Saturday, February 3, 2024

All Artificial, No Intelligence: ARGYLLE

Is this just what movies are going to be now? I sank in my seat as I asked myself that question while the deadening Argylle played out on screen. I dreaded the answer as my pessimism grew. The image was bright. The sound was loud. And I was entirely bored. The thing is just so phony I could hardly believe it as it grew worse by the second. The picture opens with an exaggerated goof on spy movie tropes as Agent Argylle (Henry Cavill) chases a bombshell villainess (Dua Lipa) down twisty Grecian streets while his partners in espionage (John Cena and Ariana DeBose) press buttons and sip coffee. Dua Lipa is on a motorcycle doing tight turns and Cavill is sailing over rooftops in a jeep. There’s not a single shot that doesn’t look sloppily green-screened or like the actor’s face hasn’t been plastered on a stunt person or the digital recreation thereof. The dialogue is all tinny and the scenario entirely prefab. At least when it cuts to Bryce Dallas Howard playing the author of junky spy novels, revealing this prologue was a scene from her latest book, one can briefly entertain the notion that the exaggerated falseness was the point. But then scenes of Howard’s quote-unquote normal life proceed with the same blatantly chintzy computerized backdrops and, as the movie progresses, not a single location appears real in any meaningful sense. Every sequence—dialogue and action alike—is shot with the same bland sloppiness as the opening. It gets less forgivable every time it shows a glitchy face-replacement or cartoon cat effect. When you can’t even get a real cat on set, or at least make a convincing digital double, something’s gone awry.

The movie ramps up into more silliness—dragging through 140-some minutes of plot structured as nesting dolls of stupid twists—as the author is entangled in real espionage as warring spies want her to write the next chapter of a real case. The supporting cast—Sam Rockwell, Samuel L. Jackson, Catherine O’Hara, Bryan Cranston—gamely props up the silliness by snarling and chewing on every scrap of interest the dialogue manages to provide. (Not much; this is a movie that’s constantly, loudly grinning and nodding at its own misplaced sense of cleverness.) But with all this talent and potential, the movie is totally dead on arrival for its aesthetic sins. It’s a part of a mind-numbing trend of visual despair that finds the complete erasure of real things in head-scratching preference for the ugly fakery of pure digital mush. Real and talented performers are stranded with not only a nonsense plot pushed along by scenes of mindless exposition, but in entire worlds of falsehood. I’m sure it doesn’t help that every shot, every line, every concept, every twist is so totally overplayed and thoroughly cliched. It’s cluttered with noisy snark and pounding pseudo-ironic needle-drops and misfiring comedy and redirecting twists that all collide to undermine each other. In the end, Samuel L. Jackson spends half of the climax watching a Lakers game, and the other half watching a slow download’s progress bar, and that’s the fun part. Who cares about a floating CGI fortress blowing up in animated flames while our flimsy heroes speed off in a fake getaway boat into an unreal sunset? It’s witless fakery all the way down.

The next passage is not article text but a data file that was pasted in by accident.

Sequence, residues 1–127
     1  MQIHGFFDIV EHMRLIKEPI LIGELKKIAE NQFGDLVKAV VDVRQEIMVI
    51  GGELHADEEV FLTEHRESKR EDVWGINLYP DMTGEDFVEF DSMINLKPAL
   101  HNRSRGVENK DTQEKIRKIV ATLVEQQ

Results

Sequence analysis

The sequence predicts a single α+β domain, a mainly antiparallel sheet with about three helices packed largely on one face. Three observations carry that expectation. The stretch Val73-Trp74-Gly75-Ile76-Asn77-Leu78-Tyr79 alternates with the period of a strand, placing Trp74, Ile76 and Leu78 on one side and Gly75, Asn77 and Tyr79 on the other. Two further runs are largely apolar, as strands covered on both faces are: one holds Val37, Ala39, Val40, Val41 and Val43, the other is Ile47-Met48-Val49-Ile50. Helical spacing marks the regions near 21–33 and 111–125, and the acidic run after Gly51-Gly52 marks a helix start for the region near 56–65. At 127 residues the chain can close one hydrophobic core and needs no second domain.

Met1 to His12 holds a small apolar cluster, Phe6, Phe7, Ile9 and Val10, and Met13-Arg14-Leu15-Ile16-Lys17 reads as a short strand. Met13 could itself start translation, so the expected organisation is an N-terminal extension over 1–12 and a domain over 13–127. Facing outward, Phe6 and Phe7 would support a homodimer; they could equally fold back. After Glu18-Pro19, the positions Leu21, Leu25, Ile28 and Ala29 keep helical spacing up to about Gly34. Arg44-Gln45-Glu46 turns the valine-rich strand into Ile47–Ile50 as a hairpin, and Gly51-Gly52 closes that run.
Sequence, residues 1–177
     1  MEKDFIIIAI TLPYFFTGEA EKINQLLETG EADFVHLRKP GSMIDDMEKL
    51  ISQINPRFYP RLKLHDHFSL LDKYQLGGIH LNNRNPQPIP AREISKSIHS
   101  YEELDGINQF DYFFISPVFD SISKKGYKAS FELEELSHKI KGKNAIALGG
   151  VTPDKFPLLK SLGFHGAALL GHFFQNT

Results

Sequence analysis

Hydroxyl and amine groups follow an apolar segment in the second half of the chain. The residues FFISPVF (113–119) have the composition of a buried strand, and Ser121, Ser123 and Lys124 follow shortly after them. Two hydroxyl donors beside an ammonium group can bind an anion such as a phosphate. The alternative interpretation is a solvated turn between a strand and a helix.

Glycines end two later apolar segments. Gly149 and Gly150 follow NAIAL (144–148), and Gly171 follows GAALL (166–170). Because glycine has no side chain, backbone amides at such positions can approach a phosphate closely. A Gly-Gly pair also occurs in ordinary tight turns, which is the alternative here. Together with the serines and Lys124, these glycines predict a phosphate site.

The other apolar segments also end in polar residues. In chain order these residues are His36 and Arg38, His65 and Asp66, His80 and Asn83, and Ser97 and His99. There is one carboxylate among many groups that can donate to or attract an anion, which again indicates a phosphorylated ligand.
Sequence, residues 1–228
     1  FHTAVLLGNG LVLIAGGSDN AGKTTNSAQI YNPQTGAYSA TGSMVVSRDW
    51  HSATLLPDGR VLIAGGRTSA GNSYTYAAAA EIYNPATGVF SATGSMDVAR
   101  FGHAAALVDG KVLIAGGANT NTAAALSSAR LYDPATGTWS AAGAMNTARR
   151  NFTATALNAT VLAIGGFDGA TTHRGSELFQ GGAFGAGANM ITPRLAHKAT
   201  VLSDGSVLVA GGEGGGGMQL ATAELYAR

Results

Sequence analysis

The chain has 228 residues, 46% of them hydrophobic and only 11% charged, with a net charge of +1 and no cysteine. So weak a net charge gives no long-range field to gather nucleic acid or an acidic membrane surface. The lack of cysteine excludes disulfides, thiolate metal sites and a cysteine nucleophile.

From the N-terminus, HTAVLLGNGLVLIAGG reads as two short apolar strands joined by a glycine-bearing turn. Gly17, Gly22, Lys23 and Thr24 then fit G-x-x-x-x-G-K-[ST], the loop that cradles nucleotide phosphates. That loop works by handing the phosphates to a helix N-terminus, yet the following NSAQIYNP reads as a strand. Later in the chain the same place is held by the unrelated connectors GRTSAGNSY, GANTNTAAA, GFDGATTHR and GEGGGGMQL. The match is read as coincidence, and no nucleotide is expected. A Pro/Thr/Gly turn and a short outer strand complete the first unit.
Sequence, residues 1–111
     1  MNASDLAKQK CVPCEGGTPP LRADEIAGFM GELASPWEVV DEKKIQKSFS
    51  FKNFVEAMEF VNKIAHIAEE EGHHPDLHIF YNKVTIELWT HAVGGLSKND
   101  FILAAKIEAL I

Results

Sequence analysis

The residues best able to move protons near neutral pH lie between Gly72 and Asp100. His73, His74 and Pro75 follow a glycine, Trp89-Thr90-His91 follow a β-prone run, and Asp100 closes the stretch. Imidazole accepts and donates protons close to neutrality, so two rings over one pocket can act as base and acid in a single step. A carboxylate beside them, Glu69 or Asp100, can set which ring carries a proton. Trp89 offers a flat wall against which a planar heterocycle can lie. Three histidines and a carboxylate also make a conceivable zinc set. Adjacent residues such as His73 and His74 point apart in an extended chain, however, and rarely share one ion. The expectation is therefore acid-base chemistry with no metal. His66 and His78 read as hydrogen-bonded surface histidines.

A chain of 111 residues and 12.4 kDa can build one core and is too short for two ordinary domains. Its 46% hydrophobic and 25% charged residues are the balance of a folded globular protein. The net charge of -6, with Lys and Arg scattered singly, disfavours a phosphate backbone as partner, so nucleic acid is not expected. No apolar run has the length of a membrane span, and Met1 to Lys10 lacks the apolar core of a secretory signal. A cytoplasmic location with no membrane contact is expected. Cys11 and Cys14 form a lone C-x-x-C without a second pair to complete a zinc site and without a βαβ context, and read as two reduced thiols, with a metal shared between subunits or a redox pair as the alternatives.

Used to be you could suspend your disbelief in a high-concept adventure movie because at least the cars and boats and landscapes and animals were real. And real things blew up in beautiful fireballs. And the effects served the story instead of feeling like a rich frosting that’s totally replaced the cake. Now we have this nadir of current trends, with a 200 million dollar movie from deep-pocketed studios, a name director, and a cast that’s cumulatively EGOTed, and it barely looks like a movie at all. It’s over lit, overwrought, computerized nothing. Not even scenes of people in a field or on a roof escape a completely disconnected physical space in front of computer-generated backdrops that make old-fashioned studio rear-projection look believable. Director Matthew Vaughn’s earlier works, like vulgar alt-superhero comedy Kick-Ass and the super-violent double-oh riffing Kingsman movies, are also hyperbolic and over-cranked works of excessive style in action and violence. But at least those have a kind of swirling CG coherence grounded in something pulpy and filmic. With Argylle it’s all frictionless digital blandness. For a big-budget spy movie, it doesn’t look expensive, or glamorous, and the action isn’t clever or exciting. It simply goes on and on, completely and totally alienated from reality and cinema alike. Of course it makes its main characters’ favorite song the new zombie Beatles track—they swirl down the same cultural gutter, amalgamated simulacrum of culture we used to enjoy. We’re in a time where cultural products can be all artificial, no intelligence.

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